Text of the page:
Diamond Bar toddler fights rare disease with experimental drug

From the San Gabriel Valley Tribune

By Richard Irwin, San Gabriel Valley Tribune

Gayla ChanParents will do anything for their children. But sometimes, they face staggering odds when a child becomes sick with cancer or another disease.

Caris and Brian Chan of Diamond Bar tried to have children for 10 years. Finally, they got the wonderful news that they were expecting after a successful in vitro fertilization.

“Then the doctors noted another mass growing and discovered we were having twins,” Brian Chan recalled. “But the second baby always seemed a week behind in its development.”

Finally, the twins were born premature, a boy, Ezra, weighing 3 pounds while his sister, Galya, weighed only 2 pounds. Ezra grew hale and hearty, while Galya began ill with a unknown illness.

“She kept getting worse and worse, her liver became so enlarged that it looked like she was pregnant,” the software engineer remembered. “And Gayla was yellow from severe jaundice.”

Thus began a medical mystery that took months of intensive care. Galya was taken to the UCLA Medical Center, where doctors performed a liver biopsy and began genetic testing.

“I remember riding with her in three ambulances over one 24-hour period,” Chan said.

Then, the 2-year-old was admitted to Children’s Hospital of Orange County. Genetic tests revealed a devastating rare condition called Niemann Pick C. The couple also learned there was no treatment for the disease.

“The diagnosis is horrible, but it’s better to know than to not know,” Chan said.

Dr. Raymond Wang, a metabolic disorders specialist at the children’s hospital, says the condition affects one in every 150,000 people. The disease causes cholesterol to build up in the brain, lungs, liver and spleen. This causes organs to deteriorate, leading to an early death.

“The condition also slowly kills the brain cells, which is why they call it Childhood Alzheimers,” Chan said. “They said our daughter’s mental condition would continue to deteriorate.”

Fortunately, Dr. Wang had heard of some researchers studying the effects of cyclodextrin, a simple sugar, on animals with Niemann Pick C. The compound reduced cholesterol levels in the test animals, allowing them to live longer.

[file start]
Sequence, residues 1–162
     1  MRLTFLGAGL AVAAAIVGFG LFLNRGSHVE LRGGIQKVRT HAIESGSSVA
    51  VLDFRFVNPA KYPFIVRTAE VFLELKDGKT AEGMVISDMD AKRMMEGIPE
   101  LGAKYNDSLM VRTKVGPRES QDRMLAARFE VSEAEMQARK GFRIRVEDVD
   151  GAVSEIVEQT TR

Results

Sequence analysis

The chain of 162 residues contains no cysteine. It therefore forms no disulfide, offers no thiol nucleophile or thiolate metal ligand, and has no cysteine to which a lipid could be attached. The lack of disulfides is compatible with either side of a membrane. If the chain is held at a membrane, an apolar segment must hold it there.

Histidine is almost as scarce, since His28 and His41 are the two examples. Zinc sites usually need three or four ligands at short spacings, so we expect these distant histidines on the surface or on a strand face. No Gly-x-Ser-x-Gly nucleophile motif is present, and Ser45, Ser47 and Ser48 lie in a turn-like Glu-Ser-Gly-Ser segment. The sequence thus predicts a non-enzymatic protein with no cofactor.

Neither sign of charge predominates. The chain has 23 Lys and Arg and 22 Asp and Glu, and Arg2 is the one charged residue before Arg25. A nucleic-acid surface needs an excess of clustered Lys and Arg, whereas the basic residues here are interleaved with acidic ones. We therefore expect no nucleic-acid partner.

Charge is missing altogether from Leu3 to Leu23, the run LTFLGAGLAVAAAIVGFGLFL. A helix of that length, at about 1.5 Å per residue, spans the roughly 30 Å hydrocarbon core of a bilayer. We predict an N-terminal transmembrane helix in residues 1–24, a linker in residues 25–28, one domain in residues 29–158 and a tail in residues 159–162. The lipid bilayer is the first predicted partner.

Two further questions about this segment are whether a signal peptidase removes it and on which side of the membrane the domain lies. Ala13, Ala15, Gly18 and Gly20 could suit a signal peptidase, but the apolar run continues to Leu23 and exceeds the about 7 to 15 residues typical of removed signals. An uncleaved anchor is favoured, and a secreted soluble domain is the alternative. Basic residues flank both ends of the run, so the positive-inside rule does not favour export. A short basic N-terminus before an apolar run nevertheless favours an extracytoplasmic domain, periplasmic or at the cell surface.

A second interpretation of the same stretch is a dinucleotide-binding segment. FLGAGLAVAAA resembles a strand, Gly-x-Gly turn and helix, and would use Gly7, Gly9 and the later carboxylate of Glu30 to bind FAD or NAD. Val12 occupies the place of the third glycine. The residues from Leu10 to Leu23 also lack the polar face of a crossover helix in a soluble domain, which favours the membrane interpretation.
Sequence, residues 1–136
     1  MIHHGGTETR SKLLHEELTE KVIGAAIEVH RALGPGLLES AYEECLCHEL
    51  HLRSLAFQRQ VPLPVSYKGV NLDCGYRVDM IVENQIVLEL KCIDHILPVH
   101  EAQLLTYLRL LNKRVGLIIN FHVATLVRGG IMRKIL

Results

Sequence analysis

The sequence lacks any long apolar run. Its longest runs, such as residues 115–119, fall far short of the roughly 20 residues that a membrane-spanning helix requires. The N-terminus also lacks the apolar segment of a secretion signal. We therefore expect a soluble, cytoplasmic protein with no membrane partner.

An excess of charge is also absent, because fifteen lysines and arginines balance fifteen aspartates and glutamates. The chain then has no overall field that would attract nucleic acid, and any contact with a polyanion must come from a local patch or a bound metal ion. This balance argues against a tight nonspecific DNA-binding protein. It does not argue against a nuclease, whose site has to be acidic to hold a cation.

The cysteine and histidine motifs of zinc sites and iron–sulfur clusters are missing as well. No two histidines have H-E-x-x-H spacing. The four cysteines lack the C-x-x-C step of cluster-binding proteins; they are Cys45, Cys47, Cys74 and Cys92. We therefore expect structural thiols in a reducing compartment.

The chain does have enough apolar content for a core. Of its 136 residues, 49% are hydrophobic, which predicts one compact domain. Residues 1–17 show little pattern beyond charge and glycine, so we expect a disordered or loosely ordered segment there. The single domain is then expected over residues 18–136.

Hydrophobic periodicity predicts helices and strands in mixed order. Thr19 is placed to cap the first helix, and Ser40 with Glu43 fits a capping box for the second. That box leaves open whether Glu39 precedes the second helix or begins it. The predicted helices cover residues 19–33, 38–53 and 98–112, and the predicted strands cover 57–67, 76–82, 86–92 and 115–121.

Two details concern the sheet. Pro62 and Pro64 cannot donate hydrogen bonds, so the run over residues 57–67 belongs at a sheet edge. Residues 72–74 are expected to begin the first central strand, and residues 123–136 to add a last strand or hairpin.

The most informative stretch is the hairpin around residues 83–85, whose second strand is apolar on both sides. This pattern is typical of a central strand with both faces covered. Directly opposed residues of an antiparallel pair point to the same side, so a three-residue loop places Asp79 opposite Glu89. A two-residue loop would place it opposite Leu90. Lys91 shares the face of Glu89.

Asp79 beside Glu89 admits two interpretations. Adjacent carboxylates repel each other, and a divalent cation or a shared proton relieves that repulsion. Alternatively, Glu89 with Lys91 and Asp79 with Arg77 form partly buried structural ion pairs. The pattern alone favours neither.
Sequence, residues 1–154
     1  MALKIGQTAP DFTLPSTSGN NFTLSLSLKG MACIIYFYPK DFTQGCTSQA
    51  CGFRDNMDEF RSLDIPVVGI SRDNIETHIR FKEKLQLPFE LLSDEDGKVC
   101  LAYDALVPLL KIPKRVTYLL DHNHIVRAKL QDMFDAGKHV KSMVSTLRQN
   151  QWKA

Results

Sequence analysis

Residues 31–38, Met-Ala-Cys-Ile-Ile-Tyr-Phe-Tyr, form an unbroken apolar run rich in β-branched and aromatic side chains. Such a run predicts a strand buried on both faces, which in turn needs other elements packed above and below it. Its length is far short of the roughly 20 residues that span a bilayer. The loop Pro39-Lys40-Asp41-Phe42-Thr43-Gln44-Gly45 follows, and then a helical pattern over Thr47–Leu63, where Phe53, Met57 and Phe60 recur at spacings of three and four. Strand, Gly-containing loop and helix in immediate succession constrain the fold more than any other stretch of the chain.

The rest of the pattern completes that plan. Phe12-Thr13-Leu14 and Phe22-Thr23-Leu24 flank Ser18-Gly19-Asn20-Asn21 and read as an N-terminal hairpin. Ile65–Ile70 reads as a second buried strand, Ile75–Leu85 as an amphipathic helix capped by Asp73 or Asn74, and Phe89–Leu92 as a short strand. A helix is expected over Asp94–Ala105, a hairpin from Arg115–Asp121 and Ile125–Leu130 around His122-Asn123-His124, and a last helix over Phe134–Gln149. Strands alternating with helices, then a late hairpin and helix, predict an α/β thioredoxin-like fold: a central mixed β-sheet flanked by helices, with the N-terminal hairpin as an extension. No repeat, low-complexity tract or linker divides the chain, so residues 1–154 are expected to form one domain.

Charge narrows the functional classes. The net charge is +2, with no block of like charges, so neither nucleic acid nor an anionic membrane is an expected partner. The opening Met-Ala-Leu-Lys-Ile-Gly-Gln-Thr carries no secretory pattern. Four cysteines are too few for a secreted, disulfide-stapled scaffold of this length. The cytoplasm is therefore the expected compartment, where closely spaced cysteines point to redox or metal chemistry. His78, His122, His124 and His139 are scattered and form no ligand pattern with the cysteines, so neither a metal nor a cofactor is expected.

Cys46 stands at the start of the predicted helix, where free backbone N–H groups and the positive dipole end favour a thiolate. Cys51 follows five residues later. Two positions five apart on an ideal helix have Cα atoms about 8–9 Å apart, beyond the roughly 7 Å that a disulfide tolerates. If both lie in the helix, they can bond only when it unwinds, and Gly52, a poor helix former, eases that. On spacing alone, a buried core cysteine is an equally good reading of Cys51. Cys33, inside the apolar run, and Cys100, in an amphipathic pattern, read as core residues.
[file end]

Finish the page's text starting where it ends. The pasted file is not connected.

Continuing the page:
“I did some research online and discovered a couple in Arizona who were giving cyclodextrin to their twin daughters, who also have the condition,” Chan said. “Chris and Hugh Hempel said their daughters were improving.”

“The problem is there’s no company that’s willing to get behind the treatment for humans,” Dr. Wang explained. “There aren’t enough patients with this condition for companies to see the potential and profit for this. It comes down to individual physicians who want to make a difference.”

With the Chan’s approval, Dr. Wang began the lengthy process to get special permission from the Federal Drug Administration to treat Gayla with cyclodextrin. Four months later, she became the youngest of only 11 patients in the country treated with the compound.

The Diamond Bar toddler gets weekly intravenous infusions of cyclodextrin. She also receives monthly intrathecal infusions, with the compound injected into her central nervous system through a lumbar puncture.

The youngster is admitted to the pediatric intensive care unit to get the six-hour long infusion. Gayla stays 15 more hours for observation.

“When Gayla began the treatment nine months ago, her cholestrol was six times higher than normal. Now her levels have dropped more than 80 percent, registering just above normal,” Chan reported.

In fact, the results have been so promising, that Dr. Wang wants to increase her intrathecal infusions to every other week. He will also see if the treatments are healing her lungs.

“Once we found out the diagnosis, it was sad,” Chan said. “But now we can put our energy into helping Galya and finding a cure.”